The U.S. delinquency rate registered a 7.7% increase in September, according to new data from Jacksonville, Fla.-based Lender Processing Services (LPS).
LPS adds that newly available origination data provides insight into the increase: After allowing a month for loan data to board, originations in August were found to be up 13.2% month-over-month and 42.1% year-over-year, reaching their highest point since 2009. However, the company stresses this should not be seen as the start of new wave of delinquencies.
‘September's increase in the delinquency rate was indeed significant, but the overall trend is still one of improvement,’ says LPS Applied Analytics Senior Vice President Herb Blecher. ‘Despite the monthly jump, delinquencies are down 30 percent from their January 2010 peak, and our analysis revealed some interesting factors related to the spike. Of course, one month's data does not indicate a trend.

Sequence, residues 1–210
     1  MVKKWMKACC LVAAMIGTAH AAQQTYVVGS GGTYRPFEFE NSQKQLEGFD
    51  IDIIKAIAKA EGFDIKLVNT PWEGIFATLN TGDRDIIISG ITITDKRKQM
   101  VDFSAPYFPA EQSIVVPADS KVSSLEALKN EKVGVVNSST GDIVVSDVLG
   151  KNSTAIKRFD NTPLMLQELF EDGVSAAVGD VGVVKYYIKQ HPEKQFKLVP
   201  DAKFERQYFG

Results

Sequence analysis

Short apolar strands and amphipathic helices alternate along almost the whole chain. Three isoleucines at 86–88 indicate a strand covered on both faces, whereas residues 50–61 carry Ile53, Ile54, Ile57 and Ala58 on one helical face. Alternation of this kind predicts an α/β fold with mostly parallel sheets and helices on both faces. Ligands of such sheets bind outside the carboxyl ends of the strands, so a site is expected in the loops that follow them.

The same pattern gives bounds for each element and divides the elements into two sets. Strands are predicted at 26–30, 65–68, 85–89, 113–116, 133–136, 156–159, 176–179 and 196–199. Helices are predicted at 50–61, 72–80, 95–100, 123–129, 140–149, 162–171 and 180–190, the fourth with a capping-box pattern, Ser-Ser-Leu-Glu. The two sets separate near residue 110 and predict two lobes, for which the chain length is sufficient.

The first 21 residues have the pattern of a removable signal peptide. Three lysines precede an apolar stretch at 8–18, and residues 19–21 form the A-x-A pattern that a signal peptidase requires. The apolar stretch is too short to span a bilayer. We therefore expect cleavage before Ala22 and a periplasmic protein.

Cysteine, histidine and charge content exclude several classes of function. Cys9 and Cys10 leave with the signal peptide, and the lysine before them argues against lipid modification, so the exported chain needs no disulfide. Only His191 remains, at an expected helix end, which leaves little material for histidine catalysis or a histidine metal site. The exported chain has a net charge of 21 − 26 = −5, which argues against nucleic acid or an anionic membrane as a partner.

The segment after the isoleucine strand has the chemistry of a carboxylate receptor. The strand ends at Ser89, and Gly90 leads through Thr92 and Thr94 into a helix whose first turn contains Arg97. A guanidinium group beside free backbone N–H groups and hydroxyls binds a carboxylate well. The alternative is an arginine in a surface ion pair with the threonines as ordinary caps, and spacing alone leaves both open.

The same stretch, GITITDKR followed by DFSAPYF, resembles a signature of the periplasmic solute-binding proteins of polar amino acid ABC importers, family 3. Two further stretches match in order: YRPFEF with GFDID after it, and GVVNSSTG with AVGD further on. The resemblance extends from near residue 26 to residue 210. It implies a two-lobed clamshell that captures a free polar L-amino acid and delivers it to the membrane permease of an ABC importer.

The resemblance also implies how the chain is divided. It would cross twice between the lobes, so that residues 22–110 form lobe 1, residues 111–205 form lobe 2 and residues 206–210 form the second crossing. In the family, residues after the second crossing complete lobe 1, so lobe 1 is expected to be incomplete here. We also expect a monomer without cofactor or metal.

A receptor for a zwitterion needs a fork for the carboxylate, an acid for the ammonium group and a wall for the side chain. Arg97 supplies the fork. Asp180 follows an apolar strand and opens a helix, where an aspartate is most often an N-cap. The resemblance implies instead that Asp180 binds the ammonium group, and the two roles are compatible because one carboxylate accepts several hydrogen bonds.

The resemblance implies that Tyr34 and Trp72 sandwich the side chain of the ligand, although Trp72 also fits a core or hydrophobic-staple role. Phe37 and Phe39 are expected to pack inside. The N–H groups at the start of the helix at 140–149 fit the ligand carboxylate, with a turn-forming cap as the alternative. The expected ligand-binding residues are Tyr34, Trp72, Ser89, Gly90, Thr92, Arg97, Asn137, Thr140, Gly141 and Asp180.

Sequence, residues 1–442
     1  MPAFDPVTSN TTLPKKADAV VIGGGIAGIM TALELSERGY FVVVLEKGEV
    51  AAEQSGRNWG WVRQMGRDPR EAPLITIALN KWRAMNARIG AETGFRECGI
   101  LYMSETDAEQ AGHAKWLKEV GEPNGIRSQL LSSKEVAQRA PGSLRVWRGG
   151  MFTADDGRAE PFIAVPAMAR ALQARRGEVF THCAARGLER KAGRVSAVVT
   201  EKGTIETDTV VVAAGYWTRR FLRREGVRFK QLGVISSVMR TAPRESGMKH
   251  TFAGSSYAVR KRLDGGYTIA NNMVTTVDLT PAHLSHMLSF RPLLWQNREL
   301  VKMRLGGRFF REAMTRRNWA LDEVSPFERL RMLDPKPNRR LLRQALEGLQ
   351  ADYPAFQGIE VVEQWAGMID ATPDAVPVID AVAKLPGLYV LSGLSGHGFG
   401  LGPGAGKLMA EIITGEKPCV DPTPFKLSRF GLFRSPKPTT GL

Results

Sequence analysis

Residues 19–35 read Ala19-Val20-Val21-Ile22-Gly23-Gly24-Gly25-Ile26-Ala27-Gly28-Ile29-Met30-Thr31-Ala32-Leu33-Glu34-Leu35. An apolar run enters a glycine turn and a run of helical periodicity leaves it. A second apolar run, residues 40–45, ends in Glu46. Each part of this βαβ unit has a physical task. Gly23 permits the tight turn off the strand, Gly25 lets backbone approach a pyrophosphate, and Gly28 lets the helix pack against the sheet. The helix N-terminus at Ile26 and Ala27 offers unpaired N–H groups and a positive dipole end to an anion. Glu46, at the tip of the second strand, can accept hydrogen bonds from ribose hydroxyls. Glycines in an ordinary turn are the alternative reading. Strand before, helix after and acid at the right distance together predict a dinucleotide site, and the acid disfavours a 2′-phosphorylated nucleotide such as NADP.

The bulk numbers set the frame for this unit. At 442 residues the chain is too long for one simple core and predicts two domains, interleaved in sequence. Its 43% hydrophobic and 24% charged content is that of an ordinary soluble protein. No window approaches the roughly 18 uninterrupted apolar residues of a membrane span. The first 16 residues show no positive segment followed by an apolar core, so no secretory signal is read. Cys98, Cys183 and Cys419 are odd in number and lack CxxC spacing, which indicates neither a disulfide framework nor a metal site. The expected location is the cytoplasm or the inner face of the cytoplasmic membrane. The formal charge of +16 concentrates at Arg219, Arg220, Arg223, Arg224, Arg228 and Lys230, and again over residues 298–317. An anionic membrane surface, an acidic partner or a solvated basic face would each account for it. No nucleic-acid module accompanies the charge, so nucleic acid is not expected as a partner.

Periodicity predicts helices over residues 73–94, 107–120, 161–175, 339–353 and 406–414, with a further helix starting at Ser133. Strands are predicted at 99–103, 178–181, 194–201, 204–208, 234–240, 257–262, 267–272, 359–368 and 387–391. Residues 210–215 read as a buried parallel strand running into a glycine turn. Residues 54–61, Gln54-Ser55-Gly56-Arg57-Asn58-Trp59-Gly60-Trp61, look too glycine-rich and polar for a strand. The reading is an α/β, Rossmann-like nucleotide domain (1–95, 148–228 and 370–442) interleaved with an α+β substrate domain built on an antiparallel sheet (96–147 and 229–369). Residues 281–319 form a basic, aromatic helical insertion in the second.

‘September 2012 was notable in its short duration of business days and virtually all transactional or operational metrics we observed declined in volume for the month; foreclosure starts, foreclosure sales, delinquent cures and loan prepayments all dropped from their August levels,’ Blecher adds. ‘It is important to note that we also saw the percentage of re-defaulting modifications contributing to the delinquency rate actually declined from the month prior.’